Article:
How to Use Credit Cards While Staying Out of Debt

Many people will suggest that the best thing to do with your credit cards during these tough economic times is to cut them up with a pair of scissors. Indeed, if you are already in huge debt, you probably should stop using them and begin a payback strategy immediately. However, if you are not currently in trouble with your credit cards, there are wise ways to use them.

I happen to really love my credit cards so I will share with you my approach to how I use mine without getting into deep financial trouble.

Ever since about 1983 when I got my first Visa card, I continue to charge as many of my purchases as possible on credit. Everything from gas, groceries and monthly payments for services like my cable and home security monitoring are charged on credit. Despite my heavy usage, I have maintained the joy of never paying any interest fees at all on any of my credit cards.

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Here are some tips on how best to use your credit cards without falling into the trap of paying those nasty double-digit interest fees.

Do Not Treat Credit Cards as Your Funding Sources

Too many people treat their credit cards as funding sources for major purchases. Do not do this if you want to stay out of trouble. I use my credit cards as convenient financial instruments so I do not have to carry around much cash. In fact, I hate carrying cash, especially coins. When you buy things on credit, the purchases are clean and you will not get annoying coins back as change.

I do not rely on my Visa, MasterCard or American Express to fund any of my purchases, large or small. This brings me to my golden rule when it comes to whether I will pull out any of my credit cards either at a retail or online store.

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I never purchase anything with my credit cards if I do not have the actual cash on hand in my bank account.

If I really cannot pay for the item or service with cash that I already have at the bank, then I simply will not make the purchase. Remember, my credit cards are not used as funding sources. They are just convenient alternatives to actual cash in my pocket.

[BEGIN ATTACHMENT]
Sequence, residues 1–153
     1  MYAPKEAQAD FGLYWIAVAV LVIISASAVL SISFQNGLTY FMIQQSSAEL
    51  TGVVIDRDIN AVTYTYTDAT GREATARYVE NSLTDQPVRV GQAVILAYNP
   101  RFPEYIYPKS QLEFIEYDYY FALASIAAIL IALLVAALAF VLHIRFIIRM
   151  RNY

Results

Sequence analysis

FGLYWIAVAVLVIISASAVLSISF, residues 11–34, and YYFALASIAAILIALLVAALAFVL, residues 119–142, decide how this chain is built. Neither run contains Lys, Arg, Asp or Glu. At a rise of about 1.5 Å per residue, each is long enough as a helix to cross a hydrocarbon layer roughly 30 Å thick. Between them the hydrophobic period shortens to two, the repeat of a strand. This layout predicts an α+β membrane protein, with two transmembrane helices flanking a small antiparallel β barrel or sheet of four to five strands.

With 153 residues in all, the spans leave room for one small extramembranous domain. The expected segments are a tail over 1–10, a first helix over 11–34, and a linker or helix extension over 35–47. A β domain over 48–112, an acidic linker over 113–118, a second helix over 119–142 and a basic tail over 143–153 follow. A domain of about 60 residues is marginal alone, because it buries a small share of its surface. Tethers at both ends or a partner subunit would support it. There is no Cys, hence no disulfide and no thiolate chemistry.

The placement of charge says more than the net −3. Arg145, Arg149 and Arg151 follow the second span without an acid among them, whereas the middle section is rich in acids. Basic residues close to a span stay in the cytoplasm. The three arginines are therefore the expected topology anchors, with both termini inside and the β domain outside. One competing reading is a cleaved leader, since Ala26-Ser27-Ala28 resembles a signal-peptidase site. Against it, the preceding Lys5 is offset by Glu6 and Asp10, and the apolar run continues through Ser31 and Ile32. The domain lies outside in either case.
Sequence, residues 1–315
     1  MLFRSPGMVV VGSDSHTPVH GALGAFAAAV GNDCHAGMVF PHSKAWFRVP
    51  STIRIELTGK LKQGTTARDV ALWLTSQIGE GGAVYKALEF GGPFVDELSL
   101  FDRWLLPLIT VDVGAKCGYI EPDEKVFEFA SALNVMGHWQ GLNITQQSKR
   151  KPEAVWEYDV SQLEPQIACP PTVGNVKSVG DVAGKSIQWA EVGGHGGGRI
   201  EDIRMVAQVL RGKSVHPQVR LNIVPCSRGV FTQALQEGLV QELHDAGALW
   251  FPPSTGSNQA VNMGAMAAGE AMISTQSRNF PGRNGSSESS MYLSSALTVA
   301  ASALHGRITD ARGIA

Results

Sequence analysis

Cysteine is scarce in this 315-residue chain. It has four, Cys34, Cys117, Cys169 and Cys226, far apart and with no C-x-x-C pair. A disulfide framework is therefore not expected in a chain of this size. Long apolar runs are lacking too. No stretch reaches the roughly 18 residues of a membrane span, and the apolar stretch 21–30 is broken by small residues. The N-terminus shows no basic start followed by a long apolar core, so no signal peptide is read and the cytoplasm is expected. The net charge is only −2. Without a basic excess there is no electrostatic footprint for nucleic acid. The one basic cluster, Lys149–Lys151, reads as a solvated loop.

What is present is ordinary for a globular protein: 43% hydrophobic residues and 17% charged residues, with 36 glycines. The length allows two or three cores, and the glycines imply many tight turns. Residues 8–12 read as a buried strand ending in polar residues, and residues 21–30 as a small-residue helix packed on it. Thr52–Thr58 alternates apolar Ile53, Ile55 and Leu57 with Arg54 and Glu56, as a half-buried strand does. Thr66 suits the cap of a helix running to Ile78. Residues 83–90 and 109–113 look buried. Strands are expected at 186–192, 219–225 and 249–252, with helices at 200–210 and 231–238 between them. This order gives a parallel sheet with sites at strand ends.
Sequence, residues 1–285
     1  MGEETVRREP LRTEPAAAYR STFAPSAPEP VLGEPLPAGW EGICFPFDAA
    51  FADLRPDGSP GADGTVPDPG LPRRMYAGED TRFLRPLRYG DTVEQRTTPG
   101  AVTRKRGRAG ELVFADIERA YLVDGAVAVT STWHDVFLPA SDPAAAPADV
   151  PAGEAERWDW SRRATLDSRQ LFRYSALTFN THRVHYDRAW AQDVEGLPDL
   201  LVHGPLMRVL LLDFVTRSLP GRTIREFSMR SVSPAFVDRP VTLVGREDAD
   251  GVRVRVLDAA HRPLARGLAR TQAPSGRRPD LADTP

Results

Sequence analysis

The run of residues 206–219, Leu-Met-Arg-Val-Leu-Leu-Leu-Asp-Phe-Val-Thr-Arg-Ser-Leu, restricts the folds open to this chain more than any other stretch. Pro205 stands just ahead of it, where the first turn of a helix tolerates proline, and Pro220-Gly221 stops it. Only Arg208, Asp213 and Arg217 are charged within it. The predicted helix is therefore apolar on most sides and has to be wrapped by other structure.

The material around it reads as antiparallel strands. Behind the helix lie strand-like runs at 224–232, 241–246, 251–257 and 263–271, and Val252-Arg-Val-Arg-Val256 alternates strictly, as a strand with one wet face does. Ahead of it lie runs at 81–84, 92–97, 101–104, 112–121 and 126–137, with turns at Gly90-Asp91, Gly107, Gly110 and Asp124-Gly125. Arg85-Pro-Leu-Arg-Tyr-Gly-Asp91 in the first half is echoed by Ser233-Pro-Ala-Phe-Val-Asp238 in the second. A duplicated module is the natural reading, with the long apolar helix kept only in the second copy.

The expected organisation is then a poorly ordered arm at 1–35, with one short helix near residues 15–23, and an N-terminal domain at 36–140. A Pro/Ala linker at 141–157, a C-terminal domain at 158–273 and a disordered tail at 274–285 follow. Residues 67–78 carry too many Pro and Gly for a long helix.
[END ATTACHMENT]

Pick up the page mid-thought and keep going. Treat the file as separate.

Make Sure to Always Pay Off Balances in Full Each Month

The next very important part of my overall strategy is to make absolutely sure that I pay the balances in full each and every month no matter how large they are. This should never be a problem if the cash has been budgeted for my purchases and secured in the bank. I have always paid my full balances each month ever since my very first credit card and this is why I never pay interest charges.

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Using Credit Cards with Rewards

Most of my credit cards are of the “no annual fees” type, including one MasterCard on a separate account I keep at home as a spare in case I lose my wallet or incur any fraudulent charges. However, I do use a main Visa card which does have an annual fee because all purchases on that card reward me with airline frequent flyer points. For me, the annual fee is worth it since I do travel and I get enough points to redeem many free flights.

You have to decide for yourself if you will charge enough purchases on credit each year without paying interest charges to warrant a credit card that rewards you with airline points (or other rewards). In my case, the answer is “yes” but that might not be the case for you.

I occasionally use a MasterCard or American Express card on small purchases just to keep those accounts active. Also, I have been to the odd retailer that accepted only a certain type of credit card, so I find that having one from each major company is quite handy. Aside from my main Visa card which earns the airline points, the rest of my cards are of the “no annual fees” variety.

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So this is how I use my credit cards without getting into any financial trouble with them. This strategy is recommended only if you are not in debt, of course. In fact, it is worth keeping in mind once you’re out of debt so that you can keep your credit cards active and treat them responsibly.

What are your credit card usage strategies? Let me know in the comments — I’d love to hear what methods you use.

Featured photo credit: Artem Bali via unsplash.com